The Symptoms of a Pinched Nerve

The term pinched nerve, alternately called a “compressed nerve,” describes unusual and disproportionate pressure applied to a nerve.

Simply put, nerves - bundles of fibers that transmit information - travel through the body inside the spine, and close to joints; always surrounded by other tissues including bone, cartilage, muscles, and tendons. They are, thus, vulnerable to pressure applied by those external elements, which can cause discomfort.

That discomfort may be nothing more than a mild tingling, it can be numbness or weakness, or it can be extreme pain. Despite these wide-ranging symptoms, and the many ways and places this injury can be sustained, the symptoms of a pinched nerve are relatively consistent.

Identifying the Symptoms of a Pinched Nerve

Nerves are at their most vulnerable to compression where they travel through constricted spaces, and where they have little soft tissue to protect them.

There is no way, beyond considering anecdotal evidence, for the sufferer to determine whether his or her pinched nerve symptoms have resulted from pressure, from repetitive motions or indeed from maintaining a single position for long periods. Nor can the non-professional determine what's causing the compression. Without that information, proper treatment is impossible.

Common types of nerve compression are experienced in the neck and arm, which can cause symptoms in areas as diverse as the elbow, wrist, hand, and fingers. Some perhaps-familiar conditions include:

- Peripheral neuropathy
- Carpal tunnel syndrome
- Tennis elbow

As may be imagined with an injury that presents in so many ways, no two patients experience exactly the same symptoms of a pinched nerve. Commonalities, though, do exist:

- Pain where the compression is actually occurring
- Pain radiating outward from a central point, not resulting from any obvious external injury
- Numbness or tingling, both at the site and radiating
- A burning sensation, or "pins and needles"
- Physical weakness that impacts certain activities, but not others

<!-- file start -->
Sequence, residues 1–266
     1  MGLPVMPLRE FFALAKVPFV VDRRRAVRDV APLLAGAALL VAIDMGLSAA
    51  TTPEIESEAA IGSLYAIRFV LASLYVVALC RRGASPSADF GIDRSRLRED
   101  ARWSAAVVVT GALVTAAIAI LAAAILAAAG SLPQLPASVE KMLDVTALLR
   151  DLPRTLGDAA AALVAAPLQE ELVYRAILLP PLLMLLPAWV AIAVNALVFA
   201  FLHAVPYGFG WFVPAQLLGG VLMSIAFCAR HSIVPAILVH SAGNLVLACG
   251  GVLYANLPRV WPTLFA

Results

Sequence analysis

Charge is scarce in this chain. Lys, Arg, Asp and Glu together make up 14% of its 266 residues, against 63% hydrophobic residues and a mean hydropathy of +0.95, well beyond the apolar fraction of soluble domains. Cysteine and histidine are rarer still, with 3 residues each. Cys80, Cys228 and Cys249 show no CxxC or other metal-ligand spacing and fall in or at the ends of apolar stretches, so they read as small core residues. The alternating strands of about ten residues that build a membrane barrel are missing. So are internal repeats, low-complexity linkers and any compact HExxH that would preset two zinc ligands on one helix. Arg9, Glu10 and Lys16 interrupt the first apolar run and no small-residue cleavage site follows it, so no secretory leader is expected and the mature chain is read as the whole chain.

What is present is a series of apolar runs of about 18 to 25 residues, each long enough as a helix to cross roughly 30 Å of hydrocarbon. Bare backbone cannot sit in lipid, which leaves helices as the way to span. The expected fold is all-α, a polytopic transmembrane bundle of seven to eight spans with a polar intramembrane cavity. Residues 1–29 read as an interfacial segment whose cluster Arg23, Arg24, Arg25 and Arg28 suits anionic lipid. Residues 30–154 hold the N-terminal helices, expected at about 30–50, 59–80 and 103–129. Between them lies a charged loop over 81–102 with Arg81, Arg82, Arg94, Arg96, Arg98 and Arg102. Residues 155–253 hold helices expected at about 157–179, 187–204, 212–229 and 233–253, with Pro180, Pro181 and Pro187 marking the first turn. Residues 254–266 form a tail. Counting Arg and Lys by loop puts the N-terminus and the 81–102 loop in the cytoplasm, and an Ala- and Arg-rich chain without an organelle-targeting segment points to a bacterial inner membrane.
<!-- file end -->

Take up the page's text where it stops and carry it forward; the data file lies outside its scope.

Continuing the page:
Types of Treatment to Reduce Pain

Levels of treatment are mandated by levels of discomfort. The range includes:

- Nonsteroidal anti-inflammatory drugs (NSAIDs), which reduce pain by reducing the swelling that’s pressing on the nerve. Over-the-counter examples include aspirin, ibuprofen, and naproxen.
- Injections of several types of steroid are used for brief periods, in order to reduce severe pain and severe swelling, once again allowing inflamed nerves to recover.
- Splints and soft collars limit motion, thus reducing the incidence of sharp, stabbing pain caused by unwise movement. They also allow muscles to rest and the nerves to recover.

Types of Treatment to Correct a Pinched Nerve

Simply resting can be enough to allow a slightly pinched nerve to recover. In the most severe situations, though, surgery may be required. Only a licensed professional can make informed diagnoses and give advice on what measures may be necessary.

Pain is a warning signal from your body, telling you something’s wrong, as are the tingling and numbness symptoms. Never ignore a warning signal. Pain associated with pinched nerves may not be experienced at the site of the problem. For instance, neck or lower back pain may result from complications where a nerve root exits the spine. The same injury can cause shoulder and arm pain, and even radiate down into the leg and foot.

Chiro-Med Rehab Center is accepting clients of all ages. Our locations in Richmond Hill - call (905) 918-0419 - and Newmarket - call (905) 235-2620 - treat patients all across the Greater Toronto Area. To ask further questions about pinched nerves, or to schedule an appointment, call today or use our Contact Us page. All initial consultations are free of charge.

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